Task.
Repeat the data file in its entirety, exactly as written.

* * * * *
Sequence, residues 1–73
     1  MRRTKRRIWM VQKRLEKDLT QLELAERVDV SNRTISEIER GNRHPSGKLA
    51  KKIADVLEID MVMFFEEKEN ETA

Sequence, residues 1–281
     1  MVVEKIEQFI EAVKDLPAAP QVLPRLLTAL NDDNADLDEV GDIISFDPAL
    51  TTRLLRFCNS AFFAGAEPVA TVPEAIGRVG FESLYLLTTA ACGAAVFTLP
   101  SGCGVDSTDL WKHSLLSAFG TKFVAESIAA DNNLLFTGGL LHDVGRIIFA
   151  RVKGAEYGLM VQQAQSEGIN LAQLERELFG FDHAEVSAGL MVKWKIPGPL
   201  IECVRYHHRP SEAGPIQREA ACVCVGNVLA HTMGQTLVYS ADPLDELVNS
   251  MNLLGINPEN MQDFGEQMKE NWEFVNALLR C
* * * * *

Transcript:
Sequence, residues 1–73
     1  MRRTKRRIWM VQKRLEKDLT QLELAERVDV SNRTISEIER GNRHPSGKLA
    51  KKIADVLEID MVMFFEEKEN ETA

Sequence, residues 1–281
     1  MVVEKIEQFI EAVKDLPAAP QVLPRLLTAL NDDNADLDEV GDIISFDPAL
    51  TTRLLRFCNS AFFAGAEPVA TVPEAIGRVG FESLYLLTTA ACGAAVFTLP
   101  SGCGVDSTDL WKHSLLSAFG TKFVAESIAA DNNLLFTGGL LHDVGRIIFA
   151  RVKGAEYGLM VQQAQSEGIN LAQLERELFG FDHAEVSAGL MVKWKIPGPL
   201  IECVRYHHRP SEAGPIQREA ACVCVGNVLA HTMGQTLVYS ADPLDELVNS
   251  MNLLGINPEN MQDFGEQMKE NWEFVNALLR C